Flying Foxes at the Sunset Lawn Cemetary
The Cemetery is home to a seasonal little red flying-fox roost, particularly in spring and summer following rainfall. Little red flying-foxes (Pteropus scapulatus) are native wildlife protected under legislation. They are a nomadic species, travelling around Australia following the blossoming of native trees.
Flying-foxes gather during the day in ‘roosts’, generally in dense vegetation near water and foraging resources. The size of a roost fluctuates in response to local food availability. Flying-foxes often develop a strong affinity with certain roosts, returning year after year. Just like you, they think the Mount Isa region is a great place to visit and hang out!
Threats to flying-foxes include habitat loss, culling at orchards, entanglement in barbed wire, power line electrocution and cyclones, drought and heatwaves. Flying-foxes breed slowly, having only one pup per year, which limits their ability to respond to these threats.
The flying forest farmer
Flying-foxes are like farmers for our forests; pollinating flowers and dispersing the seeds of many native trees including eucalypts, bloodwoods and angophoras. Some of these rely on nocturnal pollination from bats more than daytime pollinators such as bees. Flying-foxes can also travel up to 100 kilometres in a single night, compared to about a kilometre for insects, which means they can have a greater impact on the long-term health and biodiversity of our native forests. These forests in turn give us fresh air, places to recreate, timber, medicinal resources as well as acting as carbon sinks.
Foraging Flyiong Foxes
Flying-foxes forage for food between dusk and dawn. Little red flying-foxes feed almost exclusively on nectar. Flying-foxes are attracted to urban areas because our parks and gardens provide a wide variety of food all year round. Human activities also reduce their habitat in other areas. Flying-foxes will only visit your garden at night while trees are flowering or fruiting.
A day in the life…
Little red flying-foxes tend to roost in tight groups; the weight of these can break branches. Trees will usually recover when the little reds leave town during the cooler months, but don’t stand underneath roost trees just in case!
During the day, flying-foxes spend their time grooming, sleeping and chatting – they are highly intelligent and very social animals with a complex language.
Flying-foxes are also very clean animals; grooming themselves with their claws, thumb and tongue. The smell associated with a roost is actually just their natural scent. Male flying-foxes have scent glands on their shoulders which they rub along branches to mark their territory. Mothers and pups also communicate using scent.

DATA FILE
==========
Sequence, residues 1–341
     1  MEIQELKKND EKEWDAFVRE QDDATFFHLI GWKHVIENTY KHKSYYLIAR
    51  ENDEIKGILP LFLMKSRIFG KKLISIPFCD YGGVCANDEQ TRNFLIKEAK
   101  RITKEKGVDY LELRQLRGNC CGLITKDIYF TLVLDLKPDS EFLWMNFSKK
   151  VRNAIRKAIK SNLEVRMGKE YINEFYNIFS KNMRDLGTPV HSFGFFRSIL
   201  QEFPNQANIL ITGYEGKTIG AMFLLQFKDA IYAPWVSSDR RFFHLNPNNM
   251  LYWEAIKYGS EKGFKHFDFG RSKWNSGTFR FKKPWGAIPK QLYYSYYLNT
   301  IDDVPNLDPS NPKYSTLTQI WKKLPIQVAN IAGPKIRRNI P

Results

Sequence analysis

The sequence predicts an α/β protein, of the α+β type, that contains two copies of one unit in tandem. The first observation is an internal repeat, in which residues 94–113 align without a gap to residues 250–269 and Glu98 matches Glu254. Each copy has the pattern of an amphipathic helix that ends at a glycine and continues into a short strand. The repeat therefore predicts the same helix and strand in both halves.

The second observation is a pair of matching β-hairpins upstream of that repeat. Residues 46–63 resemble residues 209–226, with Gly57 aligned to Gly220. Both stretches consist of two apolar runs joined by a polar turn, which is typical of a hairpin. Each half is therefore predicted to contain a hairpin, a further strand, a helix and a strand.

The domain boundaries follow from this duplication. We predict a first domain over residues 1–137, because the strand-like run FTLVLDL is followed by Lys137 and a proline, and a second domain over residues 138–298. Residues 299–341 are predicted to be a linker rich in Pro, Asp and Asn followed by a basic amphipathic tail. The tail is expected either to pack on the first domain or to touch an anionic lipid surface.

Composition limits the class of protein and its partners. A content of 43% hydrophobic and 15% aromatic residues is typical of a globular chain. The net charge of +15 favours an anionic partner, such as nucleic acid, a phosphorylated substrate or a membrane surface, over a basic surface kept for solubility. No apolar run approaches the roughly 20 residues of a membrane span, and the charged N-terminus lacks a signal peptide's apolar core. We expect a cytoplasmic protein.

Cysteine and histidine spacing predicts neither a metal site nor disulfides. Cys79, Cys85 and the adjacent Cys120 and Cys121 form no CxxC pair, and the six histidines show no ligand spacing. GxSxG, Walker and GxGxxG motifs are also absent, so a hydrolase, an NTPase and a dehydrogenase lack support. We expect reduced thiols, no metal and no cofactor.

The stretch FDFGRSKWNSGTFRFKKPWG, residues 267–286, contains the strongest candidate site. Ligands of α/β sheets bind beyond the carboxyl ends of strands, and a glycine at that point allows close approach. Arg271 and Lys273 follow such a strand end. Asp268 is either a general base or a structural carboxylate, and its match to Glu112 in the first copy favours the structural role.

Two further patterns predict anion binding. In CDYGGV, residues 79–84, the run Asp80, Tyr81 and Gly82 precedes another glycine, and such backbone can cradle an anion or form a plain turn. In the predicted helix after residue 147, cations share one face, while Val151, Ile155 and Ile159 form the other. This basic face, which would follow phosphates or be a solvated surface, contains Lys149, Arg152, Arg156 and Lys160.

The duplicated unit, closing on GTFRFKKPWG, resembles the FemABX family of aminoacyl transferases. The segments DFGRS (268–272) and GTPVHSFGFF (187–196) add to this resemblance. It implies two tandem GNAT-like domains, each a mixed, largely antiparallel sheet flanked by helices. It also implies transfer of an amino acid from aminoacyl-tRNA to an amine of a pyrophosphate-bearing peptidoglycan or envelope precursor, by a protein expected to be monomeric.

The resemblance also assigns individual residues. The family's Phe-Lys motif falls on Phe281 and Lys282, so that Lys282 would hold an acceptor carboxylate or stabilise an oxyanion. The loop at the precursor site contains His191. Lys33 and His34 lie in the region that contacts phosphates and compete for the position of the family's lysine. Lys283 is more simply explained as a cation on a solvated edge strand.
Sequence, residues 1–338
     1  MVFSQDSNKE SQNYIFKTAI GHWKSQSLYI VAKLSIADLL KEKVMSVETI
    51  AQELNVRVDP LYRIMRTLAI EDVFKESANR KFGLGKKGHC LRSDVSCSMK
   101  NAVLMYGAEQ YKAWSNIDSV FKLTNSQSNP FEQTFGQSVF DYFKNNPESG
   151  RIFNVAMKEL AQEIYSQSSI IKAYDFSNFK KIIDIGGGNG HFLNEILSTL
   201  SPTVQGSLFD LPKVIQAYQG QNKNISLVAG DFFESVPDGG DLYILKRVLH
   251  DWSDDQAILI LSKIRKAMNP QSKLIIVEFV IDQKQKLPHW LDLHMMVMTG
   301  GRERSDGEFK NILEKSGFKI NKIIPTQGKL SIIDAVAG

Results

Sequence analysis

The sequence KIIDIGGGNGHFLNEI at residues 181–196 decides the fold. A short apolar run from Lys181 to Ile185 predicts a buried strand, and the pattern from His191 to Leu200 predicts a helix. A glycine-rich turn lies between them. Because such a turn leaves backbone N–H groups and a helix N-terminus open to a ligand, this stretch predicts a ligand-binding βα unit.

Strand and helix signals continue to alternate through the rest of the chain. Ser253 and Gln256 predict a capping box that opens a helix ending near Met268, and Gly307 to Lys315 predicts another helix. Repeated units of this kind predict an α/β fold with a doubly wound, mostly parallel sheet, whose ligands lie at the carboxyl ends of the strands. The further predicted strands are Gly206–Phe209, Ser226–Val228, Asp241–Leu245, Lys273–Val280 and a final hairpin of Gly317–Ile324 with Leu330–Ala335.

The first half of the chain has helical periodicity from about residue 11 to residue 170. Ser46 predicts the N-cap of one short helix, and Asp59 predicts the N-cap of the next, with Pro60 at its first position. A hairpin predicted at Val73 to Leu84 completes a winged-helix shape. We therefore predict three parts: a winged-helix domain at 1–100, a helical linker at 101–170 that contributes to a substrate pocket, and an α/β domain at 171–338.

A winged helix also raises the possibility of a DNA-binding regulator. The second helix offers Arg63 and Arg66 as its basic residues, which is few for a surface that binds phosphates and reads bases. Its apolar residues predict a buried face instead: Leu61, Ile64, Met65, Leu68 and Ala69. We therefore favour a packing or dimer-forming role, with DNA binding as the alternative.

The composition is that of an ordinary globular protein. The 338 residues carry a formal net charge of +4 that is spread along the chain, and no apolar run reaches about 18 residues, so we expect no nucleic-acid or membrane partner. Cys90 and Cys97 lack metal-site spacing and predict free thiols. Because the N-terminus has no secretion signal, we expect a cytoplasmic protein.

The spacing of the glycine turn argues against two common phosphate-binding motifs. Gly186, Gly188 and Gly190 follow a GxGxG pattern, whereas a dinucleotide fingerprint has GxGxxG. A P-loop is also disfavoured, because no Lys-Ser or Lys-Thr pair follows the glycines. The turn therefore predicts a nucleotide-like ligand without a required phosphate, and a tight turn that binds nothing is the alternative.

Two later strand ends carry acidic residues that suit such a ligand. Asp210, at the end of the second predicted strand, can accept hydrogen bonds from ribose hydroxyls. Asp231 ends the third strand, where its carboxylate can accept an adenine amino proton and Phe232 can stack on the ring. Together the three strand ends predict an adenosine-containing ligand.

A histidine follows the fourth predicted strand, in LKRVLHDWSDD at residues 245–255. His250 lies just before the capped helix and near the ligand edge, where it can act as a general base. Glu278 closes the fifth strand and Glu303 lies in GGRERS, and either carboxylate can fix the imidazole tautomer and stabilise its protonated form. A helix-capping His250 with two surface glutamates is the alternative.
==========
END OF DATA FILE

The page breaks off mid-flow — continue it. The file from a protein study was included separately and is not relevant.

Tips for living near flying-foxes
Flying-foxes may seem like a nuisance to some people and are often misunderstood. Issues relating to smell, noise, mess and damage to vegetation are usually short-lived and can generally be quickly addressed.
Droppings can be removed by hosing with water, and you can limit the number foraging around your yard by managing plants that attract them - those with edible fruits or flowers with lots of nectar. This might include vegetation trimming or replacement, bagging fruit or removing it before it ripens, or netting trees. Make sure netting is pulled taught and the weave is too small to fit your finger through, this will stop wildlife getting entangled.
General water tank hygiene, such as first-flush systems and regular cleaning, will protect your family from contamination by birds, possums and bats.
Flying-foxes may take off suddenly if frightened, dropping out of a tree before they can gain height, but they do not swoop or attack humans - they would rather avoid us! There is no need to be afraid of flying-foxes flying overhead or feeding in garden trees.
Human and animal health
Although a small percentage of bats may carry viruses, such as Australian Bat Lyssavirus and Hendra virus, the occurrence and transmission are very rare and public health risk is low.
Less than 1% of flying-foxes are affected by Lyssavirus, which has only been spread to people or pets through a bite or scratch from an infected bat. Effective post-exposure vaccinations are available if this does happen.
Hendra virus can only be transferred to humans through close contact with an infected horse; it cannot be transferred directly from bat to human. Unvaccinated horses can be infected by ingesting contaminated food or water, and so infection can be prevented through appropriate husbandry.
You cannot contract these viruses by spending time near a roost, if flying-foxes fly overhead, or if they feed or roost in your garden.
If you find a sick, injured or orphaned flying-fox
If you find a sick, injured or orphaned flying-fox, do not attempt to help it yourself. Contact RSPCA (1300 ANIMAL) or the Department of Environment and Heritage Protection (1300 130 372).
If you have been bitten or scratched, wash the wound with soap and water and seek medical attention as soon as possible from your doctor or Queensland Health. Also remember to keep your pets away from foraging or roosting bats, and contact your veterinarian if your pet has been bitten or scratched.